What does the AI revolution mean for transport?

With the likes of Amazon cooking up a storm in the world of research and development, what will the inevitable market disruption mean for skilled workers? Skills for Logistics MD David Coombes considers how the game could change, and how skilled workers should play it.

Last month I talked about the robotic revolution that will transform our profession in the next 10 to 20 years.

To anticipate how new technologies will disrupt the labour market it is important to consider what problems they will solve.

Logistics is about solving the movement of goods as efficiently as possible. As such, there will always be demand for technologies that reduce cost, improve speed and boost performance. 

The UK Logistics Sector has a set of complex problems beyond the customer need. Our aging workforce, our lack of young talent and the uncertainty around our trading future leave our sector ripe for disruption. If new talent isn't attracted then technology is the sector's only route to reconcile its current labour demand issues.

If current market leaders do not invest in these technologies then a tech start up in the same vein as Uber or Airbnb will disrupt and take their place. If this sounds too much like science fiction, consider Amazon and how they started as a bookseller and now lead in logistics, retail, media and manufacture.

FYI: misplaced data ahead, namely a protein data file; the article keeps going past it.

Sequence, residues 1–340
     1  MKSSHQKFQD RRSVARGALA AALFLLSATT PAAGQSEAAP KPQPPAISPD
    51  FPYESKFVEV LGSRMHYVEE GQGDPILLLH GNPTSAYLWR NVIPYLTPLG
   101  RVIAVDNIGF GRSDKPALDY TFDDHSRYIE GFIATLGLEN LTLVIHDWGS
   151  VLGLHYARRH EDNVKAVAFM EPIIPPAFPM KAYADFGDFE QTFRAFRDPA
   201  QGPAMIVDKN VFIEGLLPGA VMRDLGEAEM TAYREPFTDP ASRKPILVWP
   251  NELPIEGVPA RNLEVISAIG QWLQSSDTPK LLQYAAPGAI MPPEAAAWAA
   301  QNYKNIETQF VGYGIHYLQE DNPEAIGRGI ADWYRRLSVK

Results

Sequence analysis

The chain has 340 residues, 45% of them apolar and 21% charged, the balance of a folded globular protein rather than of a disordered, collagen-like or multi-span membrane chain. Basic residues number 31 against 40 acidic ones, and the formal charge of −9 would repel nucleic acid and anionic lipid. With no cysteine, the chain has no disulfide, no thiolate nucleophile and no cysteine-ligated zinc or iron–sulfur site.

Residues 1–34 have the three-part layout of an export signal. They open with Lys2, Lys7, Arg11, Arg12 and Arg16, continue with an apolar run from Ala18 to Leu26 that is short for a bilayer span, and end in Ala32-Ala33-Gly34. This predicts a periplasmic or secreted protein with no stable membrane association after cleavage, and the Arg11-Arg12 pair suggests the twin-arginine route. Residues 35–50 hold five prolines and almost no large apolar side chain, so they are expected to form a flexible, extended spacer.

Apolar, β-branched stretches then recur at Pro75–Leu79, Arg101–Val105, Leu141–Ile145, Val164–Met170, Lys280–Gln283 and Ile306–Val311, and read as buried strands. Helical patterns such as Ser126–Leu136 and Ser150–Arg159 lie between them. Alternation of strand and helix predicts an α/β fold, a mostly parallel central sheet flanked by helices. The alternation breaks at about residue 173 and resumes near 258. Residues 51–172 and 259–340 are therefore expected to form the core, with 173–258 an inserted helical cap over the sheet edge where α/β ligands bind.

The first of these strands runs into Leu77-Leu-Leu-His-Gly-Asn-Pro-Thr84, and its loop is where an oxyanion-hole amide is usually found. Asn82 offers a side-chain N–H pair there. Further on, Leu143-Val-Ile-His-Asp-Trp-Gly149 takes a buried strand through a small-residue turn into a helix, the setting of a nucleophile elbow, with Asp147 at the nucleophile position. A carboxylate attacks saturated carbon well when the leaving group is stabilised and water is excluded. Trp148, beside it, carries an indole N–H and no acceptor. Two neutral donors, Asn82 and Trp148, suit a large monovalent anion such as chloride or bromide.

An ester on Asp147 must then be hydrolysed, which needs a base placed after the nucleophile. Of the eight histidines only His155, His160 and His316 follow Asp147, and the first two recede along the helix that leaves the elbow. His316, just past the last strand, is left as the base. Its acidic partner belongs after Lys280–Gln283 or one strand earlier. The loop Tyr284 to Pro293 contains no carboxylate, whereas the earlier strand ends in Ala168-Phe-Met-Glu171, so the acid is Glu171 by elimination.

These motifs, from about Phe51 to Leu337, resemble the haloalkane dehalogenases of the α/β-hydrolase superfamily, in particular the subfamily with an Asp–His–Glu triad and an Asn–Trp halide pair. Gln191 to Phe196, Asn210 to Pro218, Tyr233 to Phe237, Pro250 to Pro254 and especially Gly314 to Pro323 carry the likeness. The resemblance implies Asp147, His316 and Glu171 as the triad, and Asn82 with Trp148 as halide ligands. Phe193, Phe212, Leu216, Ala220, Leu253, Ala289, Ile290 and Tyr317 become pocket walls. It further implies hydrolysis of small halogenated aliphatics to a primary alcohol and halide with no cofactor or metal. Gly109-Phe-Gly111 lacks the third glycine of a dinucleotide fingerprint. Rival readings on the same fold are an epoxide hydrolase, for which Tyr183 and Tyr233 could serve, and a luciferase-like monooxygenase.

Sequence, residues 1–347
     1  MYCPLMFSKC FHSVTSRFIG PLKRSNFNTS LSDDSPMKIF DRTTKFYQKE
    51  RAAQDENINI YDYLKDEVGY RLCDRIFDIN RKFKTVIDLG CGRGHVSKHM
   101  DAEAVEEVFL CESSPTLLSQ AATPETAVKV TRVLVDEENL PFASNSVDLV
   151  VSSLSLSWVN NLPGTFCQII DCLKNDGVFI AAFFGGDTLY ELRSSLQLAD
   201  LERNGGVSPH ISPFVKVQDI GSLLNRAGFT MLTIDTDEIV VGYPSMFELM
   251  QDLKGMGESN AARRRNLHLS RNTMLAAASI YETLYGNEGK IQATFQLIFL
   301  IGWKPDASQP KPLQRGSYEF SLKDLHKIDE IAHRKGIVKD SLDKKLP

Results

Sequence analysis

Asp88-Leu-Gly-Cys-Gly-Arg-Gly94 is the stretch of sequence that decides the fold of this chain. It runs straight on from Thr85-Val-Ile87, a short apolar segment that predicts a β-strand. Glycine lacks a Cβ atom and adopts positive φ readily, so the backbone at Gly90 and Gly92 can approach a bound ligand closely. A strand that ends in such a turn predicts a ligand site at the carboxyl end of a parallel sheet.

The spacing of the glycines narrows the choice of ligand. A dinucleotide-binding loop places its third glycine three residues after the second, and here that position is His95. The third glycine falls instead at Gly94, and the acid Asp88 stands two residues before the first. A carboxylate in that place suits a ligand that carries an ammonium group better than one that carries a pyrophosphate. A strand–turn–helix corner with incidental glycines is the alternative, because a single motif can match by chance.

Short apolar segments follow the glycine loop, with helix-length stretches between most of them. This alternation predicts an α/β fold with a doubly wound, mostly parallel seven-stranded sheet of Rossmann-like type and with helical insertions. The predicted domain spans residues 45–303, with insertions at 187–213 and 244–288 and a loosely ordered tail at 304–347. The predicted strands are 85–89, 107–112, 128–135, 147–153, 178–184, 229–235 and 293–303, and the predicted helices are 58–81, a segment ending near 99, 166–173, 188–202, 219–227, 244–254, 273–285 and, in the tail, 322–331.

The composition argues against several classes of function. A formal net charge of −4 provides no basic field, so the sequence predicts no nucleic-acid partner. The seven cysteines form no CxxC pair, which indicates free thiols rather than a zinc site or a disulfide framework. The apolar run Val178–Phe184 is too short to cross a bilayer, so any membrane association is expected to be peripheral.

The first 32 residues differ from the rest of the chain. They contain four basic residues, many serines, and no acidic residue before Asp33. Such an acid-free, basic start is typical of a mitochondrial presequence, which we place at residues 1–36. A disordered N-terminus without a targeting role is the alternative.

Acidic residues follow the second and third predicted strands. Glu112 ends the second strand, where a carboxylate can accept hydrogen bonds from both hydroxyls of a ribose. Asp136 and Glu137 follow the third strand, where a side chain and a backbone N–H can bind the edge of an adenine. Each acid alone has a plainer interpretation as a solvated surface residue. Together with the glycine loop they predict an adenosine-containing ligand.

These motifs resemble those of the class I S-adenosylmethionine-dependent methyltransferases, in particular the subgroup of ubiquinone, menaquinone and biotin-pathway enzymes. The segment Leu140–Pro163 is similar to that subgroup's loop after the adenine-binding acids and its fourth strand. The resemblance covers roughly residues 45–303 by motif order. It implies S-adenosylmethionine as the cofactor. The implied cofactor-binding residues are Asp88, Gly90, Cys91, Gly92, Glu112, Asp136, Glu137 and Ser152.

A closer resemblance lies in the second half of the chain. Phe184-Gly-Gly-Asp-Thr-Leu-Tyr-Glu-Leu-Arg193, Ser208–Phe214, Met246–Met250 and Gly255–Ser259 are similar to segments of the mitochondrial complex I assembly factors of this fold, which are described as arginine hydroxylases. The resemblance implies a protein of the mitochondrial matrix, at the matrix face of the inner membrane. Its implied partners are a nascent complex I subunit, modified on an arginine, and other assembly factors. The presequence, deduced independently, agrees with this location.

That is the power of new technology - Amazon's investment in R+D opened it up to be competitive in other sectors.

So what will disruption look like?

There are a number of emerging technologies that are 'game changers', none more so than the commercialisation of artificial intelligence. AI is less about terminator style machines and more about management and allocation of resources.

If your entire fleet of vehicles, tools, robots, machines are 'talking' to your AI then much greater efficiencies can be found as servicing becomes automated, safety is improved and processes run like clockwork without so much as a human touch. 

Robots of all shapes and sizes are available now. Take, for example, Boston Dynamic’s Spotmini which coming to market in 2019.

The Spotmini can see in the dark, climb stairs and even open doors  - it could replace traditional security.

If new talent isn't attracted then technology is the sector's only route to reconcile its current labour demand issues.

Autonomous barges are being developed by Rolls Royce, autonomous trucks by Tesla & Mercedes and Seegrid’s GP8 Series 6 autonomous forklift is on sale now. The future is electric, driverless and automated. 

How quickly these technologies are integrated depends greatly on government policy. If young people are incentivised to enter the sector, thus improving supply, the uptake of such technologies will be slowed but, for our sector to compete internationally, they are inevitable.

My advice for anyone worried about their future, is to pick up customer service skills - more in demand than ever and impossible for a robot to replace. 

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